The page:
Let’s see if it is all perfectly splendid.
I imagine many of you, like myself, were eager to see Flanagan’s follow up to The Haunting of Hill House and Doctor Sleep. Flanagan has proven himself to be able to develop emotive and powerful horror, but something simply goes wrong this time.
I have hemmed and hawed over whether to write a spoiler free review or one that analyzes the entire series. Opting for both, there will be a break later in this review to hide the spoiler analysis portion. I hate blogs that incessantly force another “click,” so please forgive me for this change in the usual format.
In Bly, we are told a story by a wedding guest (Carla Gugino-now with a British accent) who warns that the story is a long one. Through her narration, we meet Dani (Victoria Pedretti) who serves as the primary protagonist (mostly) for the series. Dani, an American living in London, takes a job as an au pair for a wealthy man’s niece and nephew. Henry (Henry Thomas—now with a British accent) is clearly a drunk and seems completely disconnected from the children of his late brother. His efforts to hire an au pair seems to be primarily done so he can cast any responsibility of the children onto someone else.
Motivations in this story are implied for the most part (that is until you are beaten over the head with exposition and a sort of hand-holding storytelling that insults the audience). We are shown that Henry is an alcoholic who cares not for his responsibilities. We are also shown that Dani is haunted by a glasses wearing dark specter. Further, we are introduced to Flora (Amelie Bea Smith), the niece, who seems to be looking at things behind people, and Miles (Benjamin Evan Ainsworth), the nephew, who appears to be a sociopath. We’re also introduced to the cook, Owen (Rahil Kohli) and the housekeeper Hannah (T’Nia Miller) quickly. Through this shotgun blast of introductions in the first two episodes we’re given just enough information that something is wrong at the Bly manor.
Piecemeal mysteries are a hard thing to manage. Every gear in a story needs to be well-polished, and the more gears present the more polish is needed, let’s just say this one runs a bit squeakily. If you don’t like that analogy, try this one: this story tries to be stitched tightly together, but the stitches itch, and pulling at them tumbles the whole thing.
Aside from numerous subplots and characters that go nowhere, we’re introduced to a horror universe that has inconsistent rules. For horror, there are basically two options in world building: there are rules or there aren’t. Bly tries to straddle this line (and covers a lot of errors by having children be our primary source of information) but ultimately fails. Without a consistent grounding as to what haunting means in this context we are given a home that is wrong but not scary. Ghosts and ghouls linger about, but often do not interact with the characters in a meaningful way. The big bad reveal doesn’t come until far too late, and so much goodwill will be fried at that point there is little recovery.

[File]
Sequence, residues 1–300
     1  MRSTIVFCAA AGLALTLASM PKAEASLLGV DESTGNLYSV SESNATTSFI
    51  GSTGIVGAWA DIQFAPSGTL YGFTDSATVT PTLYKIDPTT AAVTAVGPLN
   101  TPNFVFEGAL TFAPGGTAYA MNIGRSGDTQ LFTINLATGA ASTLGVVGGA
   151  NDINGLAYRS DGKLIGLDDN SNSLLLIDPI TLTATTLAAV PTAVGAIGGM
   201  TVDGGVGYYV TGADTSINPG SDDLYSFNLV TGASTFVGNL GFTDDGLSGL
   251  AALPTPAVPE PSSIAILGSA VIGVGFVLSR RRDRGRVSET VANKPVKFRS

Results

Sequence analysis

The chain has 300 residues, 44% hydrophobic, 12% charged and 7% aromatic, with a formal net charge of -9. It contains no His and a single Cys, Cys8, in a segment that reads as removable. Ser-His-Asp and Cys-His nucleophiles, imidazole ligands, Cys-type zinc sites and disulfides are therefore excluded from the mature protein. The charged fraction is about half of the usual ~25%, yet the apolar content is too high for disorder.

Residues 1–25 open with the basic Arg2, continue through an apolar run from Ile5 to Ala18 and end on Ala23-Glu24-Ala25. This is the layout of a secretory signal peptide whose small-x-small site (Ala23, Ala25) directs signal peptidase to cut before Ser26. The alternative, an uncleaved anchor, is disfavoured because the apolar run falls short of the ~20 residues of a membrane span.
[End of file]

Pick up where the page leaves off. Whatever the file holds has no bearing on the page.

You see, we have a haunted au pair going to a haunted house that is troubled because the previous au pair committed suicide. The children are troubled due their parents’ death, and the suicide, and the rest of the staff seems to be doing okay. They say they are troubled, but these troubles don’t manifest in a way that allows us to care.
In Hill House the children bring the past with them as they go out into the world. The manor represented in many ways the central character. The house was alive, and from it the children caried psychological and physical baggage. Here, our characters bring their baggage to an already troubled home. I suppose I’m analogy heavy in this one: the house becomes so crammed with baggage that there is a surplus of things to care about.
Our story becomes paradoxically overwritten and underdeveloped. A late series episode could have been its own season and presents more intrigue than our too-nice houseguests allow. There is little depth to the characters here. Hannah and Owen are seemingly perfect people. Lovely, yes—deep, no. Owen is perhaps the kindest soul in the universe and can do little more than make puns and dump information. Our fiery gardener Jamie (Amelia Eve) indicates a troubled past, but rather than allowing this to develop we are simply given a lengthy monologue. With nearly ten hours these people should have been characterized more than fun, caring, stern, and loving (these are the terms I would assign the characters individually with little crossover. They are given one principal trait).
Ten hours and we don’t know much at the end. We’re told how to feel, and to their credit, all of the actors and actresses do well to derive as much emotion as they can from the scenes. However, we can’t ignore the fact that we are told what to feel rather than shown through storytelling. Characters disappear (sometimes inexplicably) for entire episodes. Plotlines are rushed, not finished, and dropped from the series.
For me, this season is too messy to be considered a true successor to Hill House. Flanagan is working on yet another Netflix series now, and perhaps he needs to slow down. With three series and Doctor Sleep in the last few years he is one busy individual. Perhaps this is simply a misstep, and I hope that is the case because he has shown that he can do better than this.
Seriously, don’t read unless you’ve watched the show.